Wednesday, November 12, 2014

Rajoy refuses to negotiate self-determination referendum after November 9's massive symbolic vote

The Spanish Prime Minister, Mariano Rajoy, downplayed November 9's participatory process and he totally rejected the opportunity to negotiate the organisation of a mutually-agreed self-determination referendum for Catalonia. On Wednesday, Rajoy spoke in public for the first time after Sunday's massive symbolic vote on independence, when 81% of the 2.3 million participants supported separation from Spain. 
He stressed that pro-independence supporters were a minority while "70% of Catalans did not vote", exaggerating the abstention figures, mixing the electoral census and the total population and particularly ignoring the difficult context and conditions of the symbolic vote, which included penal prosecution threats sent on Friday, Saturday and Sunday. 
He also justified the Spanish Government's actions during the last few days and stated that the Public Prosecutors' Office, which is about to file a complaint against the Catalan President, is acting independently, although its boss is directly appointed by the Spanish Government and reports to the Spanish Justice Minister. Furthermore, Rajoy totally refused to begin "discussing about sovereignty and the unity of Spain", rejecting any type of negotiation for a mutually-agreed independence referendum. Besides, Rajoy did not make any political offer to Catalan citizens and he only suggested the possibility of Catalan representatives proposing a Constitutional Reform, which his party would immediately reject, he added. 
Therefore, according to Rajoy's own words, the self-determination demands from a significant part of Catalonia's society only find in Madrid a wall to crash against and nothing else. And this has been the story of the last few years. 


All parties in Catalonia strongly criticise Rajoy's words
All the parties in Catalonia have been extremely disappointed by Rajoy's words, including pro-Spanish unity forces, except of course the PP's Catalan branch. Most of them warned Rajoy about using the Courts to solve a political problem was not the solution. The governing centre-right pro-Catalan State coalition CiU urged Rajoy to make a political proposal to Catalonia. The left-wing pro-self-determination parties (ERC, ICV-EUiA and CUP) replied that negotiating is useless, except the Catalan Socialist Party (PSC) that considered Rajoy "was not aware of the problem's real dimension" and insisted in negotiating. Only the Spanish nationalist and populist party Ciutadans criticised Rajoy for not having stopped the vote from happening by using all the means possible, in line with the statements made by ultra nationalist and extreme-right parties and organisations.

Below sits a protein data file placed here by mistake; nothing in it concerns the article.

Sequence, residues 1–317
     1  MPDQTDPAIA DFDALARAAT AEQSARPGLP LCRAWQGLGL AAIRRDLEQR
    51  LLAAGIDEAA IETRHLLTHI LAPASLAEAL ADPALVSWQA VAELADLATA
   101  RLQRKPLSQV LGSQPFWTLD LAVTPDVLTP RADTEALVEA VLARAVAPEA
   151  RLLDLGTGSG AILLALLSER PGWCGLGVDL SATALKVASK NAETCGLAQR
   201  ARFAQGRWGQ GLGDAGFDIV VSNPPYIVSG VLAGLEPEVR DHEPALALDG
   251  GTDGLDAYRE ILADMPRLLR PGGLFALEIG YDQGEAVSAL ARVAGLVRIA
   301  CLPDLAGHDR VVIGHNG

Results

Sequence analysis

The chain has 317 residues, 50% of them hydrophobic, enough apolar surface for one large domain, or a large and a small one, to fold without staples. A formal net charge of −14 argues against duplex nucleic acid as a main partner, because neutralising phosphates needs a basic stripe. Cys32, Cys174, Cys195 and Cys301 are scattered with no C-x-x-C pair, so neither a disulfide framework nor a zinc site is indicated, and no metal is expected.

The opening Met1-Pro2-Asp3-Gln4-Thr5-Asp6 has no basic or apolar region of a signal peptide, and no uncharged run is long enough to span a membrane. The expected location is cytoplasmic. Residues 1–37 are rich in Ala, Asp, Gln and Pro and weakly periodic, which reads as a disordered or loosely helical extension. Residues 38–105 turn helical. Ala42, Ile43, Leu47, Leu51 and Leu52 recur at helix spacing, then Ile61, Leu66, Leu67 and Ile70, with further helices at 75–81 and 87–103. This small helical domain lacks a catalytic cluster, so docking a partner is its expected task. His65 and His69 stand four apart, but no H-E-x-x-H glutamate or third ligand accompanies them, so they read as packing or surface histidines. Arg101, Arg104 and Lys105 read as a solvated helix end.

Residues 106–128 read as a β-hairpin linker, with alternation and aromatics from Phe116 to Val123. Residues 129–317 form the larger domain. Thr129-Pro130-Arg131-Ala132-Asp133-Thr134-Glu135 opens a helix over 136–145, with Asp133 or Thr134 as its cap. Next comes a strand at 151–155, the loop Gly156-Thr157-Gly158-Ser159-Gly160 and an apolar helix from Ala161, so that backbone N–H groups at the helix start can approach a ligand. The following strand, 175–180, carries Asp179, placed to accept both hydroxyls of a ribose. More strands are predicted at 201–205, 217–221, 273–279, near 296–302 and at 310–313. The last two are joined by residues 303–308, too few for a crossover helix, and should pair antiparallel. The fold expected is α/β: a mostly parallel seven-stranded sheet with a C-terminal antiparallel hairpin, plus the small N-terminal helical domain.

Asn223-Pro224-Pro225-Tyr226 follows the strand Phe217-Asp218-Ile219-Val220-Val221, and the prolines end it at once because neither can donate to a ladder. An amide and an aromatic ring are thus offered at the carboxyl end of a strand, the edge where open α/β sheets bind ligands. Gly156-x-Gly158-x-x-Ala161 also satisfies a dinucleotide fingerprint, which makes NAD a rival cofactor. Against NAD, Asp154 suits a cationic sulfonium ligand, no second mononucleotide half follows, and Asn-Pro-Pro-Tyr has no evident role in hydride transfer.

The Spanish Socialist Party (PSOE) once again proposed Constitutional Reform, although once more it did not give details about it. However, on previous occasions the PSOE explained that such a reform will not recognise Catalonia's right to self-determination, nor its nationhood status. The PSOE leader asked for a joint meeting between Rajoy, Mas and him to talk about the Constitutional Reform.

The Spanish PM insists that pro-independence people are "a minority in Catalonia"
Rajoy considered November 9's non-binding vote to be "a deep failure of the pro-independence project", since "after all the noise, mobilisation and public money spent", "2 out of every 3 Catalans did not bother to participate in it". "When the pro-independence movement wanted to show their strength, they have showed their weakness", he stated, despite the symbolic vote having gathered the attention of the world's main media and having allowed citizens to give their opinion on Catalonia's independence from Spain for the first time in history in an official vote, after civil wars, dictatorships, military attacks, and centuries of political and cultural repression.

When he assessed November 9's citizen participation process, Rajoy intentionally ignored the Spanish Government's threats and obstacles (including penal prosecution), he dishonestly played with turnout, abstention, total population and electoral census figures, and he assumed that all the Catalans who did not participate in the symbolic vote were against self-determination. On top of this, despite the Spanish Government having repeated over the last few days that November 9's vote had "no democratic validity", Rajoy was basing his statement on Sunday's figures.